A number of AI-powered virtual nursing assistant applications help patients and care providers interact more frequently between office visits, preventing unnecessary hospitalizations. With the help of voice and artificial intelligence, Care Angel, the world's first virtual nurse assistant, can even perform wellness checks.

5. UneeQ

UneeQ's digital humans are designed to provide personalised customer experiences at scale. They use artificial intelligence and natural language processing to mimic human conversation and behaviour, allowing them to engage with customers in a more human-like way.

To use UneeQ's platform, businesses first select a digital human that meets their needs and customise it to fit their brand. They can then deploy the digital human on their website, social media, or other channels to interact with customers. The digital human is able to understand and respond to customer inquiries in real time, providing personalised responses and assistance.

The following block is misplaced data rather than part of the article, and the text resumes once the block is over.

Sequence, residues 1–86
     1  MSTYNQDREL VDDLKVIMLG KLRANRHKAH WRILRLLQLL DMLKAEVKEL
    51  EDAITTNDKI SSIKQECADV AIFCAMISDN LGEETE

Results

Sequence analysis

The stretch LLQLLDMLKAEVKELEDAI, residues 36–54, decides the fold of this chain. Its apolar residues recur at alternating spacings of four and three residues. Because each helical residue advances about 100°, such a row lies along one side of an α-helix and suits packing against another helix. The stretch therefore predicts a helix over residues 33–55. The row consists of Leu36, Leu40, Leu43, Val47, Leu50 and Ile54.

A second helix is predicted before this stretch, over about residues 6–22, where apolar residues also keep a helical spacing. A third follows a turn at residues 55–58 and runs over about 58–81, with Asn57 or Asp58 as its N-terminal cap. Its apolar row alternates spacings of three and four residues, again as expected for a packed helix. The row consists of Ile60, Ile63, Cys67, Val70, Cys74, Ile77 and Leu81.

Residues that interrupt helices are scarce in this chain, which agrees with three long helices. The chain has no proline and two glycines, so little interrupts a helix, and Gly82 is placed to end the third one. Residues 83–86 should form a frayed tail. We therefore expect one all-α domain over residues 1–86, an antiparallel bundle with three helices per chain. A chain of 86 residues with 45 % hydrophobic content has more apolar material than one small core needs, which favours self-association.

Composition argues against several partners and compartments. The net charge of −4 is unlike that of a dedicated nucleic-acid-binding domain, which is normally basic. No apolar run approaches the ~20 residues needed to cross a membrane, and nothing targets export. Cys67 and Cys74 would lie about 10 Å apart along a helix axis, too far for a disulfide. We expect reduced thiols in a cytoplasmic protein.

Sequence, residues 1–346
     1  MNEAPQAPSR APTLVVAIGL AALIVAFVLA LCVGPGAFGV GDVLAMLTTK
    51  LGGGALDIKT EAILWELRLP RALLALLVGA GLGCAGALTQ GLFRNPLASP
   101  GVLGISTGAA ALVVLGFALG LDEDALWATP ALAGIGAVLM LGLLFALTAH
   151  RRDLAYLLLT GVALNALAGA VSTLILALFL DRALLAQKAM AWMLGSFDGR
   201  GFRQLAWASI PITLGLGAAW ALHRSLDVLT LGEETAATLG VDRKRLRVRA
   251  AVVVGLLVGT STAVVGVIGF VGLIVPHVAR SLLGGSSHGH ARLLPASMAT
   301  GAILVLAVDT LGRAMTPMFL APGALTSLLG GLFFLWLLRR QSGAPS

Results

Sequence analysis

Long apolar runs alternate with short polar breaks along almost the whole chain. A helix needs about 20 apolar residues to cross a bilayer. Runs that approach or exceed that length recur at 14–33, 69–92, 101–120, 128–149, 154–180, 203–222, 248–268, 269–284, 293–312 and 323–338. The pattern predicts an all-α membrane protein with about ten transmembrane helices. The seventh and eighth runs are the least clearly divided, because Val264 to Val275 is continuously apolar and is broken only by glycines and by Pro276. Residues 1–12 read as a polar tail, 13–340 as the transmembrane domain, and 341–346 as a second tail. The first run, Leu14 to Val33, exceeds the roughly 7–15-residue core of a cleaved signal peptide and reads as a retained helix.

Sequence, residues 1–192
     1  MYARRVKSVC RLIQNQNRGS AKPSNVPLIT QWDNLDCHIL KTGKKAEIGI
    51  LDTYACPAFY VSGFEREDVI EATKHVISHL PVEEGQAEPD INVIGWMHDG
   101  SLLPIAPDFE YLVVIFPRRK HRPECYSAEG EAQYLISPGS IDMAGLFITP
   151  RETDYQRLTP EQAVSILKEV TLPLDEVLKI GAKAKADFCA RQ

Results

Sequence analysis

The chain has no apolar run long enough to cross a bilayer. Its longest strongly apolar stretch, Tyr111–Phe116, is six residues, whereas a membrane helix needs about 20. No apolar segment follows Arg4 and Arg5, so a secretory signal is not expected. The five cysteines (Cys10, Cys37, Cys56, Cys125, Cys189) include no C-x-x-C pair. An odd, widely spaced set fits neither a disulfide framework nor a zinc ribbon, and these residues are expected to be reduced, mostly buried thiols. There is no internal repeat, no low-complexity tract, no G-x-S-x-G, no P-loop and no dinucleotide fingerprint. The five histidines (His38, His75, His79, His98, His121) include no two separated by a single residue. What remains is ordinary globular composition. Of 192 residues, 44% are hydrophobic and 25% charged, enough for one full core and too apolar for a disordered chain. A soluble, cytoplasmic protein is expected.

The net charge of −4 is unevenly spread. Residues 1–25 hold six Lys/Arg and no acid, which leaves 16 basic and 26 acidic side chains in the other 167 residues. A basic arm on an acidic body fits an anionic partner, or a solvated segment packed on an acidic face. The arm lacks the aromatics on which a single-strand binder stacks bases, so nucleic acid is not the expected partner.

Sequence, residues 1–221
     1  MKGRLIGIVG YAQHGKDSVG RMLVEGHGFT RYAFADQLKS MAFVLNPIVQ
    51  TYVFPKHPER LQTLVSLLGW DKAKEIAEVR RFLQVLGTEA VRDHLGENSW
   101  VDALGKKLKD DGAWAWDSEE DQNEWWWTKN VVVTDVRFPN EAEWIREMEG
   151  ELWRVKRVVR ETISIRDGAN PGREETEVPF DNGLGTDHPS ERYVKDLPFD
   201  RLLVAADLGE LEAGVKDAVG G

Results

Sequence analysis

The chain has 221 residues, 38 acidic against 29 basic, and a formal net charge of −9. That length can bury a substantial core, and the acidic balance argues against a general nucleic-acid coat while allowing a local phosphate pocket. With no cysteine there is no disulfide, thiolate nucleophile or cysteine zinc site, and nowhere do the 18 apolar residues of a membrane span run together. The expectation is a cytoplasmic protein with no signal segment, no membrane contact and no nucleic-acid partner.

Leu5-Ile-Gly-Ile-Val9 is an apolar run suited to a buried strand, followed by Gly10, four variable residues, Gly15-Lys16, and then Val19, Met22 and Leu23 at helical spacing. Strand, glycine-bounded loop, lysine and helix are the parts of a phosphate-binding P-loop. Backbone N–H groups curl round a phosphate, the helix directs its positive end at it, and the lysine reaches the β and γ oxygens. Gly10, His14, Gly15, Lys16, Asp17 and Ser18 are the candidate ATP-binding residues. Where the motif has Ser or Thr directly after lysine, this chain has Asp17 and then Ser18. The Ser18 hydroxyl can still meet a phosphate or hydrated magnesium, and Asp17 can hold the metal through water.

One of the key benefits of UneeQ's digital humans is their ability to handle a large volume of customer interactions without becoming overwhelmed or fatigued. This allows businesses to provide a consistent and personalised customer experience, even when dealing with high levels of traffic.

As they state in their official website, UneeQ's digital humans are designed to revolutionise customer experiences by providing scalable human connections that can help businesses build trust and strengthen relationships with their customers.

Medical and Healthcare Applications

There is potential for synthetic humans to be used in the healthcare industry in a variety of ways. Some examples of how they could be used include:

  1. Patient education: Digital avatars could be used to provide patient education and information about various medical conditions and treatments.
  2. Telemedicine: Digital avatars could be used as a more personal and human-like alternative to traditional telemedicine platforms, allowing patients to have virtual consultations with healthcare professionals.
  3. Mental health support: Digital avatars could be used to provide mental health support and counselling, allowing patients to have more convenient and accessible access to care.